• Personal blogs tend to be stand alone websites or hosted on services such as Tumblr or Wordpress, whereas blogs for organizations tend to be embedded on their already existing websites.
  • Embedded blog on The Salvation Army’s website – note that the blog integrates other forms of social media.
  • Great example of “sharing” social media: although there’s an interactive component of Youtube (users can comment, like, favourite videos, in addition to uploading their own), Youtube’s real power is from videos embedded on other websites and other social media. Youtube is a content tool (same with Vimeo). Since Youtube is so popular, it is very possible for your video to be lost amongst other videos, especially if not tagged appropriately.
  • Social media can be used for very large scale campaigns – Invisible Children’s “Kony 2012” is an example of a Youtube campaign that went viral on Facebook (in coordination with Facebook events) and Twitter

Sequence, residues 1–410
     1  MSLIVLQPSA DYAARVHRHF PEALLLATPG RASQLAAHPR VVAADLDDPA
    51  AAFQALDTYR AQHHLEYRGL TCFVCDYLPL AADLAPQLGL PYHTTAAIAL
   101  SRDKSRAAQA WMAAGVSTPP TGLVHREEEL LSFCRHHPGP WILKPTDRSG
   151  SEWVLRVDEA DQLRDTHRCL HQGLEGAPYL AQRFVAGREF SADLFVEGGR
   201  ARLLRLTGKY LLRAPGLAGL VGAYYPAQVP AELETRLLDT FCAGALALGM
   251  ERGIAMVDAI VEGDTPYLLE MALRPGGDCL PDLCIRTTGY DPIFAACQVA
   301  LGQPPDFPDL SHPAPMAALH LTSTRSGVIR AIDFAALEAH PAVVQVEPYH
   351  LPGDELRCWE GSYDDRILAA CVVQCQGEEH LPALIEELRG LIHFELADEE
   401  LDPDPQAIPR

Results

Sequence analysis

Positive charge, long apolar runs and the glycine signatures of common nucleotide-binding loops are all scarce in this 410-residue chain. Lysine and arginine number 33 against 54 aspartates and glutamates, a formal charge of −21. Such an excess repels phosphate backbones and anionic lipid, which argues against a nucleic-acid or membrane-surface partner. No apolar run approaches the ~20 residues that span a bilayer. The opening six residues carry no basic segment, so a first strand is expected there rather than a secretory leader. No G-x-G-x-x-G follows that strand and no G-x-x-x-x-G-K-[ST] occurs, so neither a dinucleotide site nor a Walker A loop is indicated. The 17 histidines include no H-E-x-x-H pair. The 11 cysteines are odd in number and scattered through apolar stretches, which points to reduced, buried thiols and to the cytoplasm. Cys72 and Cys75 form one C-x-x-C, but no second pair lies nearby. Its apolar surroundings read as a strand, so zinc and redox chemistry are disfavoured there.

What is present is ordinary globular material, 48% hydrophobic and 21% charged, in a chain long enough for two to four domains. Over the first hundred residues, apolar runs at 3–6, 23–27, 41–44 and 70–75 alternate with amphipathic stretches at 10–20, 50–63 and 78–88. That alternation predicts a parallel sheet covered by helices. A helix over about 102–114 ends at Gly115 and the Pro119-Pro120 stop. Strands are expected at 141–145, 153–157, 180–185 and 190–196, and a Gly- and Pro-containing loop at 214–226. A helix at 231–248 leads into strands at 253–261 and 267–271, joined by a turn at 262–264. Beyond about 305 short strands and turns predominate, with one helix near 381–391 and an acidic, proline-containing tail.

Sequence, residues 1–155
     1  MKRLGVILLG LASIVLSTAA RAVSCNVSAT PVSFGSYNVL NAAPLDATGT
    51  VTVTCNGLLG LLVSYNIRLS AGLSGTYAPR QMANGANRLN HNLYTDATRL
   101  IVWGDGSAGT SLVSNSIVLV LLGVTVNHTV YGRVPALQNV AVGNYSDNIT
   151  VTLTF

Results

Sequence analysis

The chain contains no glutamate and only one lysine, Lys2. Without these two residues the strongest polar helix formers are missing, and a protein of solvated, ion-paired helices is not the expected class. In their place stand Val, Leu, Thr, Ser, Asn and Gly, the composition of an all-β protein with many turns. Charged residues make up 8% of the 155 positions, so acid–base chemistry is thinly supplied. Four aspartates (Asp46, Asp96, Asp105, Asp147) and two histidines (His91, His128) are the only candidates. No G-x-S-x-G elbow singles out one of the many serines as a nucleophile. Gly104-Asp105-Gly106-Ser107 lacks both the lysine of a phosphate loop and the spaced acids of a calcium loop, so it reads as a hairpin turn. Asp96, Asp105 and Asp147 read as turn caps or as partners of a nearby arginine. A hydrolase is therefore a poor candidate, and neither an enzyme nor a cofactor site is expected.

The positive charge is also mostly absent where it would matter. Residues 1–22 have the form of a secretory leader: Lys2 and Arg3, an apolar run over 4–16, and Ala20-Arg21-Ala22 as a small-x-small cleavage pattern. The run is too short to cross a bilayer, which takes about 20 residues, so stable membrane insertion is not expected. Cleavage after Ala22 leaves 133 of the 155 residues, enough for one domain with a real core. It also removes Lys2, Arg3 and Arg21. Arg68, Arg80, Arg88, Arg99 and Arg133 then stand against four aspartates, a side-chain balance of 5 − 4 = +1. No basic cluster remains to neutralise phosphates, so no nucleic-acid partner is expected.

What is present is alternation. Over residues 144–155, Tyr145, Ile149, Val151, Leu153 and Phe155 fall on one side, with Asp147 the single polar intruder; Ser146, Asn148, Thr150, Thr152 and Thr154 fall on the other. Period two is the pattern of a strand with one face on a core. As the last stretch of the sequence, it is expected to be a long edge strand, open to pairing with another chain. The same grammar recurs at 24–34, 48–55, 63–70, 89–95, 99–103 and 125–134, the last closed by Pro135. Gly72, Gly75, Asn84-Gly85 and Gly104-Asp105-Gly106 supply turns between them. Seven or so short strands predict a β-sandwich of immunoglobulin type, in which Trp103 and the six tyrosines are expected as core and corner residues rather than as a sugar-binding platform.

• Flickr is another great example of “sharing” social media. Flickr basically provides the “photo album” feature that Facebook users will be familiar with, but with higher resolution photos that are searchable by tags.
  • Social media can be used to update your donors/volunteers and raise awareness of your actions – Plan Asia
  • Literally, just a social network about sharing. It combines the brevity of Twitter with the social aspect of Facebook, but much more visual. Picture Pinterest as a series of virtual pin boards where you post little notes and pictures of things you find interesting, according to themes.
  • The Humane Society of the United States has several different pin boards related to its mission, and people with varying interests can follow some or all of them. Many non-profits use Pinterest for posting not just information about their own organization, but posting recommended resources and related organizations.
  • The average LinkedIn user is much older than on other social networks, due to it’s use for recruitment and professional networking. The average monthly use of LinkedIn varies widely, and tends to vary from month-to-month for individual users depending on their recruitment/employment status and the industry they work in.